Friday, June 29, 2012

An Ocean Front RV site in Brookings, OR

After a couple nights at our first RV park, we moved a couple hundred yards down to the Beachfront RV Resort. Here Orinda checks out the entry to the park which features this sculpture of the St. George's Reef Lighthouse (this was carved out of a redwood tree trunk).

Beachview RV park is a unique spot and a very interesting place to visit. In fact, we were fortunate enough to get an ocean front full hookup rv site! Pretty cool.

 Looking out of the motorhome windshield, Rick could vaguely see a tower-like shape well out into the Pacific. It turns out that this is the St. George Reef Lighthouse which is over 8 miles away from this point. Even with the telephoto lens, this is a challenging photo. We learned that this was a real engineering challenge and the base of the station is made of carved granite rocks moved from Crescent City, CA.

Fortunately, we found a postcard featuring this lighthouse and Rick was able to get a great picture of it. Imagine working out here where you would work in 3 month shifts operating the lighthouse. Not surprisingly, this was one of the most dangerous lighthouse assignments since it was very difficult for crew members to board the lighthouse from a small ship and several men perished over the years before it was closed in 1975.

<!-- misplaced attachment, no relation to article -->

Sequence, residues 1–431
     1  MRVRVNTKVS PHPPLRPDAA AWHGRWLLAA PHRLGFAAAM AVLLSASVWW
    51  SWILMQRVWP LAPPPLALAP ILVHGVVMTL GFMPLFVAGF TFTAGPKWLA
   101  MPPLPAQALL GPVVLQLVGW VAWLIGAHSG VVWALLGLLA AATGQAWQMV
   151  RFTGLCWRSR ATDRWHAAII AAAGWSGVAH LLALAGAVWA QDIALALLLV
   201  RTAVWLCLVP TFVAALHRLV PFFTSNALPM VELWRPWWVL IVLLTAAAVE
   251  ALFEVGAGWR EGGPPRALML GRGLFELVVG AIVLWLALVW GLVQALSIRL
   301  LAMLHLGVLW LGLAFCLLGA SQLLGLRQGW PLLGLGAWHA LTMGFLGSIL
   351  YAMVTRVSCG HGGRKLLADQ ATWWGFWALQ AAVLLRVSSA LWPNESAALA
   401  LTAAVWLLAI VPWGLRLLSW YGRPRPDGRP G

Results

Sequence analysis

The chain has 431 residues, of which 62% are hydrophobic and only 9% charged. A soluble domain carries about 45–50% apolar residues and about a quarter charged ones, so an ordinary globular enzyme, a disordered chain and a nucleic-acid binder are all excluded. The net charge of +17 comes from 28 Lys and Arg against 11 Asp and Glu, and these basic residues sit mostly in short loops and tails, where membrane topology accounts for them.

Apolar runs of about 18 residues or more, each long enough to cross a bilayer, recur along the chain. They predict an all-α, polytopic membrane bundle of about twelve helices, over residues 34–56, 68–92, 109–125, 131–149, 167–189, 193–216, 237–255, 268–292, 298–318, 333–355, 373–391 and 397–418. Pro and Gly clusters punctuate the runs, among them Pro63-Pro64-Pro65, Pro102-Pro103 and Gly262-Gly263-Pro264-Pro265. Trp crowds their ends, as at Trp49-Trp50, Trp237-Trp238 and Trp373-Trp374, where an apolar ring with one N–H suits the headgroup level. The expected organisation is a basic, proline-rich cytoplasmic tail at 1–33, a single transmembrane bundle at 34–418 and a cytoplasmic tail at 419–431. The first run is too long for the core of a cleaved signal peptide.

One of the great things of our location is that this is the view out the motorhome windshield. Rick is delighted to be able to sit in the driver's seat and watch the surf pound in just feet away.

Just a couple hundred feet away from our RV site, the Chetco River empties into the Pacific (on the right side of this picture) while Orinda checks out the jetty protecting the port. 

Facing the other way (looking away from the ocean), we could easily see the Chetco River (to the left) and the boat basin (right). We could also better understand how the tsunami pushed the river outflow back into the boat basin and really compounding the damages from the tsunami.

It is great to be able to walk a few feet to the wide beach and enjoy a walk on the beach. At low tide, we could see the huge rocks that dot the beach and have been worn smooth by the wave action. 

These beaches are much different from beaches we have been on in South Carolina or Florida. Rather, these are very rugged beaches with dark sand, huge rocks, and lots of driftwood. In fact, we were amazed to see these huge trees washed up on the beach. Imagine hitting one of these while running your boat!

1 comment:

Chuck and Anneke's RV travels said...

A beautiful place, definitely need to see that area:)